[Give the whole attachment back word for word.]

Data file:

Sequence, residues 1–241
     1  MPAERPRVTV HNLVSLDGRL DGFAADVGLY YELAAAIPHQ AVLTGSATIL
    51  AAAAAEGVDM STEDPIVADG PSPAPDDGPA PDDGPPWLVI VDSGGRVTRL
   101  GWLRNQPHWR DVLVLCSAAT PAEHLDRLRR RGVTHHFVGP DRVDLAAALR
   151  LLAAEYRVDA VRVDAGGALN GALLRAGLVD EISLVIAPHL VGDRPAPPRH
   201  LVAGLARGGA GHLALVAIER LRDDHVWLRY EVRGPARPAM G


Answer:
Sequence, residues 1–241
     1  MPAERPRVTV HNLVSLDGRL DGFAADVGLY YELAAAIPHQ AVLTGSATIL
    51  AAAAAEGVDM STEDPIVADG PSPAPDDGPA PDDGPPWLVI VDSGGRVTRL
   101  GWLRNQPHWR DVLVLCSAAT PAEHLDRLRR RGVTHHFVGP DRVDLAAALR
   151  LLAAEYRVDA VRVDAGGALN GALLRAGLVD EISLVIAPHL VGDRPAPPRH
   201  LVAGLARGGA GHLALVAIER LRDDHVWLRY EVRGPARPAM G